Are late bedtimes a problem in your home? Wish you knew how to get your baby or toddler to sleep on a routine schedule?


By Chaya Shifra Sadoff


When my twins were newborns, we’d do bedtime when my husband came home at night at about 10. He’d help me bathe and PJ them, I’d nurse them, and then we (tried) to get them to bed.

During one of my many conversations with my mother about their sleep (or lack thereof), I asked her, “Ma, when do they start going to bed earlier?”

“Oh… I don’t know,” she replied (her youngest at the time was 7). “Around 4 months? 6 months? I don’t remember.”

“But how do you *get* them to go to sleep earlier?”

She chuckled. “I have no idea. I really don’t remember what I did.”

We both knew that babies and young children should be going to sleep earlier, but somehow the when, why and how got lost – especially with newborns.

And that’s how many of my clients end up with babies – and toddlers – who have late bedtimes. Sometimes very very very late bedtimes (think 1 am). They’ve gotten into this cycle, but they’re not sure how to break it or what to do about it.

If your baby is still a newborn – the information here is for you!

And if your baby is older, or if you have a toddler – this information is for you!

So let’s dive in — why an early bedtime, when do I recommend your child having an early bedtime and – if you’re in a late-bedtime cycle – HOW do you help your baby transition to an early bedtime?


Why an early bedtime?


When figuring out the ideal time for a baby’s bedtime, there are a couple things at play.



  • Your baby’s circadian cycle
  • Your baby’s awake time limit
  • What’ll work best for your family



So let’s address those one by one:


First – the circadian cycle.


If you’re not familiar with the circadian cycle, all it is is a fancy word for our internal body clock. It controls which hormones are released when, which tells our bodies when to rev up our GI tract and when to slow it down, slightly raise our body temp and lower it, and – of course – when to make us more sleepy and more wakeful.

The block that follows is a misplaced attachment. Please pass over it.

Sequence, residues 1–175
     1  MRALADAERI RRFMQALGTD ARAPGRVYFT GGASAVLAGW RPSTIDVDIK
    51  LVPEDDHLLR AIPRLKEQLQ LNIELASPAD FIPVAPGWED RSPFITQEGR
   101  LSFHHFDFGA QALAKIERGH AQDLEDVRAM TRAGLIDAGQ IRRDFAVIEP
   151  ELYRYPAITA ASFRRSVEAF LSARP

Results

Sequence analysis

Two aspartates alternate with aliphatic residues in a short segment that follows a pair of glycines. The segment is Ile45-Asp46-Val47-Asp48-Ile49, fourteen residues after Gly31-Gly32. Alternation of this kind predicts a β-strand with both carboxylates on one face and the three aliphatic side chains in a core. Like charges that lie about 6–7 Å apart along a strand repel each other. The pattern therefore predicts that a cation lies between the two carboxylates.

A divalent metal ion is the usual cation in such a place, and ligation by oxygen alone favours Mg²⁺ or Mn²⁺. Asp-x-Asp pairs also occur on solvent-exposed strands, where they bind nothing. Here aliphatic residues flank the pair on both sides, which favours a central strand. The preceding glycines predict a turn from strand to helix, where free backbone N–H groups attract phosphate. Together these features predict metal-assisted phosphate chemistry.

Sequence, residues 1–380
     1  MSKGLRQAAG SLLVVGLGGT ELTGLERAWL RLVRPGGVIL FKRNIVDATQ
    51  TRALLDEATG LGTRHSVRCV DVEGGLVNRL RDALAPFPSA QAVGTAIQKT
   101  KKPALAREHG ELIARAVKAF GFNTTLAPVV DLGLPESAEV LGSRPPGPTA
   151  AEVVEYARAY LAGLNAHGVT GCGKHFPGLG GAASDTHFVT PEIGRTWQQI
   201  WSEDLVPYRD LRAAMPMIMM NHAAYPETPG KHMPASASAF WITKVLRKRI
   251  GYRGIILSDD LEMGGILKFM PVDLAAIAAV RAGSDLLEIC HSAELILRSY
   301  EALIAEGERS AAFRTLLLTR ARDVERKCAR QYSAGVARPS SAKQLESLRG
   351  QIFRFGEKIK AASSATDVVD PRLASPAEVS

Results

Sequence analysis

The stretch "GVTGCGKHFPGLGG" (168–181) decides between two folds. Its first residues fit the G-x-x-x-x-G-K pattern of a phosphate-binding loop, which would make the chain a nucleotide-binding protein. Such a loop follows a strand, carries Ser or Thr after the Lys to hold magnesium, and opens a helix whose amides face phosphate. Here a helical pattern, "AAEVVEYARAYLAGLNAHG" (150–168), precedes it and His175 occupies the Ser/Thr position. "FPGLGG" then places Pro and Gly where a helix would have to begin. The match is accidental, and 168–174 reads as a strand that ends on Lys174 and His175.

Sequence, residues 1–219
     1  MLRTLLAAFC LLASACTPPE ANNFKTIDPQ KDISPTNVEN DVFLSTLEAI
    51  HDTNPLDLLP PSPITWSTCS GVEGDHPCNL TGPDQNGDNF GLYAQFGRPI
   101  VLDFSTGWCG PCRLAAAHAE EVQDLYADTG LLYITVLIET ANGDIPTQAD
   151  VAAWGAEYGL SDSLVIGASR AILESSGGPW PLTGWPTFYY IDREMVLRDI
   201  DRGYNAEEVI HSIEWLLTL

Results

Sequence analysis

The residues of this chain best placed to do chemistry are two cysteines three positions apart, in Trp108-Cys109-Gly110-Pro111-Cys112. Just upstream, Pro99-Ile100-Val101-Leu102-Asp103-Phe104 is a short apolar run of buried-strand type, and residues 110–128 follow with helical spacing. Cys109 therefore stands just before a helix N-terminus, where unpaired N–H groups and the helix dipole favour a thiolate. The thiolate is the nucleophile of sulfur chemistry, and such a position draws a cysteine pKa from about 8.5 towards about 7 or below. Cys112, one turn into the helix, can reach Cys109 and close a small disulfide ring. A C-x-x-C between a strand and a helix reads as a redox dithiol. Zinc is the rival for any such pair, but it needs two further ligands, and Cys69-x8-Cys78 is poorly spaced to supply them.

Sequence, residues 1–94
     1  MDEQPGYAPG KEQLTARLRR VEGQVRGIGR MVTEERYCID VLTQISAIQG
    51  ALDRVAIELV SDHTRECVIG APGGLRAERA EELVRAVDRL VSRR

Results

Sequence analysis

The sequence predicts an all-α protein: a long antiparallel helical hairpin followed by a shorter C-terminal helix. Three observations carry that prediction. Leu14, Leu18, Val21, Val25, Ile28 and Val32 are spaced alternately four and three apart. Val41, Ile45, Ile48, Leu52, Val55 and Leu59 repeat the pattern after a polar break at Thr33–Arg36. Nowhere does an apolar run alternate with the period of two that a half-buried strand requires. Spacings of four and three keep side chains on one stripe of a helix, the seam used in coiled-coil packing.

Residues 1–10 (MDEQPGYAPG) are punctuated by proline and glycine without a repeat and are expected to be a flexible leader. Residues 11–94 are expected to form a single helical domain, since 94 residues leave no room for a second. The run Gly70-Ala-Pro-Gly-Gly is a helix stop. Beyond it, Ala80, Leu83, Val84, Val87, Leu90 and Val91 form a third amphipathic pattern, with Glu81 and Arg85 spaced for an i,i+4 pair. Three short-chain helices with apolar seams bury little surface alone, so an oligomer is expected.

Most of our circadian cycles have an automatic “wakeup” at about 7 am and have a wind down in the evening between 6 and 8 pm. (Of course if we’re overtired or sleep deprived, those times will be warped, but may babies and young children will wake at or around 7 regardless of when they went to sleep the night before.) Since your baby does need about 12 hours of nighttime sleep, tuning in to the natural circadian cycle will help your baby get the sleep he needs.


Your baby’s awake time limit (more info about that here) will play in, too.


If your baby is a newborn or young infant, sometimes that’ll mean putting her in for a late afternoon nap and then waking her so that she’s not overtired before bedtime. For a baby on a nap transition or a baby on a 1-nap or 2-nap day who didn’t take such a great nap that day, that might mean bumping bedtime a bit earlier.


And then of course – what will work best for your family?